I’m a libertarian. I believe in a free market, and no restrictions whatsoever on personal ownership of weapons. I believe that living in a Rothbardian anarchy should be an option for anyone who wants it. I also believe, most firmly of all, that the greatest threat to our economic liberty, our martial liberty, and other freedoms does not come from the political left. I also know, as much as I know unicorns don’t exist, that this threat isn’t posed by cultural Marxist werelizards who want to destroy Western culture.

Rather, the threat comes from within. The best “false flags” aren’t. That is, if an ideological movement is going to die it’s probably going to be from its own members’ poor behavior, doing damage the likes of which their enemies could only have dreamed. The Westboro Baptist Church (forty people total, remember) advanced our society’s acceptance of LGBT people to a degree no one but other hatemongers could have managed. When you go around saying “forsake the troops/thank God for IEDs” and say that it’s a sin to not rejoice over a tragedy, it’s going to hurt all of your other positions in the zeitgeist.

Again, I think that I should be able to legally own a machine gun. Obviously I disagree with these kids:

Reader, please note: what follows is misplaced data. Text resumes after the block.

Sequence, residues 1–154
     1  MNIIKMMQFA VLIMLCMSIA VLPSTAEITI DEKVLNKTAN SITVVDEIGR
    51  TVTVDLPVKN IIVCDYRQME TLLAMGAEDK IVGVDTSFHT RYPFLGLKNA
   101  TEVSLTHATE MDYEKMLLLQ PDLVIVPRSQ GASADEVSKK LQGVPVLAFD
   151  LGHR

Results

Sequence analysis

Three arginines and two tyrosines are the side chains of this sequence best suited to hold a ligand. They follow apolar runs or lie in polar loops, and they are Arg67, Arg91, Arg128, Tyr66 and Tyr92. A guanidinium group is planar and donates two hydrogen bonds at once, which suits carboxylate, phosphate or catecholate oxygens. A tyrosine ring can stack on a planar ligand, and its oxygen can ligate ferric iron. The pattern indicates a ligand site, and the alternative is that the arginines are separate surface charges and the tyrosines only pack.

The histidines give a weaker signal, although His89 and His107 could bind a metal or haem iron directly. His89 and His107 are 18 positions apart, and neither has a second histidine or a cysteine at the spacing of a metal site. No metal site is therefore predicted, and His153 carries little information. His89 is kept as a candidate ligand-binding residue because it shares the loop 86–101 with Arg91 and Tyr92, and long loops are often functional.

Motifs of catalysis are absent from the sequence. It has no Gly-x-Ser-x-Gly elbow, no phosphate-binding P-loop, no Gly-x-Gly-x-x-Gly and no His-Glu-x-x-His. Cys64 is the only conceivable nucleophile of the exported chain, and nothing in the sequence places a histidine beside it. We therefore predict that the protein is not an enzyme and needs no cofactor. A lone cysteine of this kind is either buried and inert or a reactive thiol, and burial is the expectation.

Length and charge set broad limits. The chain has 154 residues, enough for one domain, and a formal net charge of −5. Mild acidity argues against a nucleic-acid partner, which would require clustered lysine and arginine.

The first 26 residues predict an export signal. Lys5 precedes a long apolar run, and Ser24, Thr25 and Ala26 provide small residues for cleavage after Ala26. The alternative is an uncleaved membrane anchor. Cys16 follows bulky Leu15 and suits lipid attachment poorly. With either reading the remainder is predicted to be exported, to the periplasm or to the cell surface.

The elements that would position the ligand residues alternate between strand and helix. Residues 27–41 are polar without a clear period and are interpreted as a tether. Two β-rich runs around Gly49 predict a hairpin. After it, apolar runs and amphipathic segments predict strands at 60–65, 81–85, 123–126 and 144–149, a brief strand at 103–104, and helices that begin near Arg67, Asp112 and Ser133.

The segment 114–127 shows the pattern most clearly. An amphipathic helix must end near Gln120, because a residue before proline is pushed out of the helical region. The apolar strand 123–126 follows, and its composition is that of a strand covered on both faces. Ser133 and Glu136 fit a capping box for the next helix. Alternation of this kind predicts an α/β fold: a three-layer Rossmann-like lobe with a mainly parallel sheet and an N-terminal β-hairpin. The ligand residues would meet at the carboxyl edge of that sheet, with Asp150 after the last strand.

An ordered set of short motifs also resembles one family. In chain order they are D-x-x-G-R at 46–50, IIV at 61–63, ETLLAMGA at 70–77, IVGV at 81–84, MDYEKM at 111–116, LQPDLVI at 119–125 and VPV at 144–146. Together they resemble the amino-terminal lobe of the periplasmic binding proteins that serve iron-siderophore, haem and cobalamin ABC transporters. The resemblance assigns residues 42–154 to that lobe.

Yet I respect, and even admire them. This is the attitude we should have toward one another, when we’re sure someone is wrong about something: Think about why they took that position, what got them there, and where their logic is in error. In some cases, it’s going to be something like having a friend’s brains splattered across your face. Whether their remedy to mass shootings is right or wrong, I respect their initiative in doing something about it. Yet from most people who take the same extreme position I do on gun rights, I’m seeing things like this:

Score one for shifting the zeitgeist away from gun rights.

Consider also race relations: I think that the Civil Rights movement jumped the shark in 1964. It shifted away from equality under law, and began legislating morality. You can guess, with 99.9% certainly at this point, that I’m white. That’s a symptom of the greater problem, here. If government intervention isn’t the answer to irrational discrimination (race/religion/sex/etc.), we should be looking at what is. Instead, the libertarian and conservative answer has always been to whitesplain that it’s a non-problem, that it’s the business owner’s loss, that the market will sort it out (in the very long term). White people have to look hard and do some active listening to detect the racism that still exists, and to appreciate the problem that is people of a certain color having to consult a green book to know where they can get service on a road trip. Having said that, I’m now supposed to advocate the authoritarian answer, or if I’m opposed to the authoritarian answer then I’m supposed to whitesplain that racism doesn’t exist anymore…

“Oh, woe is me…” My point here is that we libertarians need to clean out our own backyard. We need to change the attitudes of those we mostly agree with, before we can expect to persuade anyone with mainstream opinions that more freedom, not less, is the answer to any given problem.

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